Bositis believes President Obama is more popular with African Americans than President Clinton was in 1998.

“African Americans are well-positioned to vote. The 2008 presidential election was the first in which Black turnout exceeded White turnout. Further, there are so many competitive elections this year in places where Black voters could significantly affect the outcomes, there will certainly be a major effort in mobilizing them to vote,” Bositis said.

In fact, the Democratic National Committee has announced that it will spend more than $2 million mobilizing Black voters this year.

Today, it is the desire of the so-called Tea Party to derail Obama’s agenda, said Bositis, who prior to joining the center taught political science and sociology at George Washington University and at SUNY-Potsdam.

“I certainly would say the Tea Party agenda doesn’t take African Americans into consideration. (African Americans) definitely should be concerned about them, “Bositis said. “African Americans are invested in the success of the Obama administration. The tea party represents a direct challenge to what President Obama is trying to accomplish.”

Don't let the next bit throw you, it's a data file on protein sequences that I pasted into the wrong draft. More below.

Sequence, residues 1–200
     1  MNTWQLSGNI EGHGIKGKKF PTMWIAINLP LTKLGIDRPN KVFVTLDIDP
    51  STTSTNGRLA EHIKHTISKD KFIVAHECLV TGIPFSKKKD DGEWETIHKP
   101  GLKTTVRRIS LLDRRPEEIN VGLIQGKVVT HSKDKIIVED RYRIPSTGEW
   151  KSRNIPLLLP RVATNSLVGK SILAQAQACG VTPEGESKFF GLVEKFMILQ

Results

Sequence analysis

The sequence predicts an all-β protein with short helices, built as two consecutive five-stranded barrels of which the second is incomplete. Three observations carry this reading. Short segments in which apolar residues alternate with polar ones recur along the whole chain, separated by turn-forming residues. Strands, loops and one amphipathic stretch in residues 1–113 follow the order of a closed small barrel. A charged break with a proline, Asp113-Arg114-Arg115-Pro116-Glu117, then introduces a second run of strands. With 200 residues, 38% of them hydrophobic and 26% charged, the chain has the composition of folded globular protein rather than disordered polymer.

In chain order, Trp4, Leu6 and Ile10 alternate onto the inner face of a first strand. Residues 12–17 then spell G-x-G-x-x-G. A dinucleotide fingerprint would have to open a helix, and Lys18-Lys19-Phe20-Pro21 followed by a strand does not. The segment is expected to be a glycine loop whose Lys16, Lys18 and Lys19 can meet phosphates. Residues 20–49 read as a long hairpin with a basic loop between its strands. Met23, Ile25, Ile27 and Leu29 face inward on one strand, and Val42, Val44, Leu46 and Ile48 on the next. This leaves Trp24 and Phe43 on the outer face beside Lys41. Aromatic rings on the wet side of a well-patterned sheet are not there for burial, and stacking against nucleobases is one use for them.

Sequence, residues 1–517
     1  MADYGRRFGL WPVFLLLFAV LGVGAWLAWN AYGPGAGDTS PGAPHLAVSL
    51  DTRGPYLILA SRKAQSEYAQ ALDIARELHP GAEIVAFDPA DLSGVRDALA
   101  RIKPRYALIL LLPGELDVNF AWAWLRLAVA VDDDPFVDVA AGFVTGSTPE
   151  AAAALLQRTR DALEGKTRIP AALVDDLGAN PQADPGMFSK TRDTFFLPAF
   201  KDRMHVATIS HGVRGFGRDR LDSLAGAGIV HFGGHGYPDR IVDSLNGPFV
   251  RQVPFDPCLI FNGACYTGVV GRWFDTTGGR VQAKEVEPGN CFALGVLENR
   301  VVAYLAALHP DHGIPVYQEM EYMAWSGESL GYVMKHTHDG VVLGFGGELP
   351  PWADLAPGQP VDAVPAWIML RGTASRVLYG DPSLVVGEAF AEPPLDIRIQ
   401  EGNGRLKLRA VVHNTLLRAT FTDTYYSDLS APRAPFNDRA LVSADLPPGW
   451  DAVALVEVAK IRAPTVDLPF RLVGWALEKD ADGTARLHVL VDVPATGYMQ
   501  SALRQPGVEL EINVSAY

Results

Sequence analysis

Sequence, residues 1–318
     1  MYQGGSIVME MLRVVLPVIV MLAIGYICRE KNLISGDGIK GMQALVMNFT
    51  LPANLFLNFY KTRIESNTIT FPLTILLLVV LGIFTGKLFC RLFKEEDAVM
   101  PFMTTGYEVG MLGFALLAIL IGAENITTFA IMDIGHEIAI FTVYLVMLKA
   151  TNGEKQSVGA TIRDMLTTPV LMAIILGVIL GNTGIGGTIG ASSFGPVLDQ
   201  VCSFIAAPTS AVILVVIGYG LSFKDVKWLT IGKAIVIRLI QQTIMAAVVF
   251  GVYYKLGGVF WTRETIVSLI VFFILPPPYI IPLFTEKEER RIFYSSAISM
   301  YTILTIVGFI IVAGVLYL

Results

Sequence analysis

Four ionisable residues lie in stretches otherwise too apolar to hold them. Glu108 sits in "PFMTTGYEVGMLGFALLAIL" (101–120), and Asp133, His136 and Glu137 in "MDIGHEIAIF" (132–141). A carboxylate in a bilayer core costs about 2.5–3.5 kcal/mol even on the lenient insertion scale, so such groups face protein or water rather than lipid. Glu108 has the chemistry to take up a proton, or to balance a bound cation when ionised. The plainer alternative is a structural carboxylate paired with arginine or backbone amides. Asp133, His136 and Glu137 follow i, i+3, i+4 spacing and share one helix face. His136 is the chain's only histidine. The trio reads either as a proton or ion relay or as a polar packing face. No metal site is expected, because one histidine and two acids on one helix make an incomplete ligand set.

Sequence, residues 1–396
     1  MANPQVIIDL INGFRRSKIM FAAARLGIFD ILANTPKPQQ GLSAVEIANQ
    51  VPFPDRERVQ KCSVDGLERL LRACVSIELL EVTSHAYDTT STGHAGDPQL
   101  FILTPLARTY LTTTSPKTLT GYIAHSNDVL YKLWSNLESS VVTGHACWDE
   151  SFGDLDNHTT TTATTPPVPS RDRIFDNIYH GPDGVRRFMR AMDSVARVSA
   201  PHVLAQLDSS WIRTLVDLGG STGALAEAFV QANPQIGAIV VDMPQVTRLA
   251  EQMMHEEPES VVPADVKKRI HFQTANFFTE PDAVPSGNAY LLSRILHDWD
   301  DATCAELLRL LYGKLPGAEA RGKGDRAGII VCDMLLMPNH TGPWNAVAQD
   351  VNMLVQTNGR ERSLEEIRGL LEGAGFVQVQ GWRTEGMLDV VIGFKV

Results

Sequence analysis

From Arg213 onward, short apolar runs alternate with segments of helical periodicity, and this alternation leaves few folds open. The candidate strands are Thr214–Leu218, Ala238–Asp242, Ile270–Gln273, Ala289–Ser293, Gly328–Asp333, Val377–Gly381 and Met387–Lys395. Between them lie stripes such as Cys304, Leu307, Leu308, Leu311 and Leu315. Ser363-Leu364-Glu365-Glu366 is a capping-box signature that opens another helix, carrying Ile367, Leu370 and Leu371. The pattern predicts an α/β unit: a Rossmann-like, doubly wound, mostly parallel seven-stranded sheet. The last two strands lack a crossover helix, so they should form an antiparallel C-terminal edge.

The president is trying to get the economy back on track after almost a decade of Republican mismanagement, Bositis said.

“Right now, the Tea Party and those people involved in that movement–what they are mainly talking about–they want to get rid of health care reform,” he said. “Blacks are three times more unlikely to be uninsured as whites. Health insurance reform represents a good step forward for African Americans,” he said.